Shadow Justice Minister David Burrowes MP gave a speech on Thursday on youth justice.  The Telegraph reported his general ambition to see fewer young people in prison but that those people should serve longer sentences, so aiding rehabilitation.

David Burrowes also looked at the very different rates of young people being put in custody.  Why, he said, does Manchester have five times as many young people in custody as Newcastle?  He worries that local decision makers lack incentives to provide interventions that will drive down reoffending rates:

"Most local authorities do not actually know how many young people are in custody. They do not know the costs and do not properly consider whether their policies in prevention and resettlement are making a difference to reducing offending. We have Crime and Disorder Partnerships where the elephant in the room, namely how many young people are in custody and the associated costs is not mentioned. For example, does Lambeth know that on 31st May 2008, there were 70 of their young people locked up but in Hackney there were 40? Do these authorities consider that the weighted average bed costs mean that tax payers are spending approximately £5.25 million on keeping these young people locked up? Yet Hackney is spending £2.7 million. Is there anything that Hackney is doing which Lambeth is not? The reality is that local authorities have no incentive to know because they do not have any responsibility for the custody budget.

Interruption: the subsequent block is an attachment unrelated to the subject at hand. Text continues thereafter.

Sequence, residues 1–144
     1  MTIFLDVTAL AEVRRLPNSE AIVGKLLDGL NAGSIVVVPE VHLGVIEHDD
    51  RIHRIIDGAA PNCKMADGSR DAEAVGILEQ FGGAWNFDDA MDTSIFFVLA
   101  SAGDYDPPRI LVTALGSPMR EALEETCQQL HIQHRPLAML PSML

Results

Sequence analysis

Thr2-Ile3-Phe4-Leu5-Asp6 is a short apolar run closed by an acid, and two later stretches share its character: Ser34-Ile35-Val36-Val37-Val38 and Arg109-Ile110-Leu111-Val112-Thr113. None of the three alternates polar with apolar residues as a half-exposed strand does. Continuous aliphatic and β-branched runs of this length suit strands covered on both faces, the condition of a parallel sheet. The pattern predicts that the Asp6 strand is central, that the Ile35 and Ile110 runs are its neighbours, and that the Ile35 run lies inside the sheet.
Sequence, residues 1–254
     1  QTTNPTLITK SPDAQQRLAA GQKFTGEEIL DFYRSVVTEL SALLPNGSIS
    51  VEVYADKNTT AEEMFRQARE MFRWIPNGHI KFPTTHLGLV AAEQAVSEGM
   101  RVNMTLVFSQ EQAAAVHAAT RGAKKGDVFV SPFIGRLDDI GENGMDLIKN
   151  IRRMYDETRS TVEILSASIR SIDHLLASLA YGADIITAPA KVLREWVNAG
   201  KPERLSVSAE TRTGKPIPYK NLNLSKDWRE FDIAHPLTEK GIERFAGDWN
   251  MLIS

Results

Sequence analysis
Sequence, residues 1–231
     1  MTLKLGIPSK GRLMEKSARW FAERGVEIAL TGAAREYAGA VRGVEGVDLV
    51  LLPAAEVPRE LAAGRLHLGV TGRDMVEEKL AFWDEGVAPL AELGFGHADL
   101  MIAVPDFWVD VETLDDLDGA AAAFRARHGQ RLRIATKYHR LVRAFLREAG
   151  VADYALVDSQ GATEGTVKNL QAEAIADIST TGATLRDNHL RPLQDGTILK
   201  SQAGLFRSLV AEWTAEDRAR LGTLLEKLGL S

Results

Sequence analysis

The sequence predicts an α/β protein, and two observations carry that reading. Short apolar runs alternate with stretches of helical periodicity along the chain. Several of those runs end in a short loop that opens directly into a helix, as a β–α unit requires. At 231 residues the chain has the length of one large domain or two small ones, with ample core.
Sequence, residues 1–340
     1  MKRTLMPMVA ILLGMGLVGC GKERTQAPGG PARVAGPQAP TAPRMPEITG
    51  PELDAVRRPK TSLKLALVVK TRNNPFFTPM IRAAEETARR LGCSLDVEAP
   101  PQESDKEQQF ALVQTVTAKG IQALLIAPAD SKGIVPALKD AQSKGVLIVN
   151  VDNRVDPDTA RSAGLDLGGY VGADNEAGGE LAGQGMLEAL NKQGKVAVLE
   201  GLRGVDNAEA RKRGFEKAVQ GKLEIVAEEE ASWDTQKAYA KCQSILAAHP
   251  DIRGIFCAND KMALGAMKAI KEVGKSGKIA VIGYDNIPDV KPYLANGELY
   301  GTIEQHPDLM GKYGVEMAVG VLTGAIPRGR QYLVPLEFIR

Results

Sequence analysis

The point is made even clearer if we look at the statistics for Manchester and Newcastle. Again on the 31st May 2008, Manchester had 104 young people in custody, but staggeringly, Newcastle had a mere 18 in custody. This means that tax payers are spending approximately £7.8 million to keep young Mancunians locked up, but only £1.3 million to lock up young Geordies. Is it that Geordies are better than Mancunians? Whilst Alan Sheerer may have a view on that, what does seem to be the case is that Newcastle has a number of intervention projects which may well be having a profound affect on custody numbers. The problem is that the local decision makers in Newcastle and Manchester do not have the financial incentive to provide long term sustainable interventions which will drive down re-offending rates and in so doing, reduce numbers of young people in custody."

Picture 11
Tim Montgomerie

Download a PDF of David Burrowes' full NACRO Speech 2009

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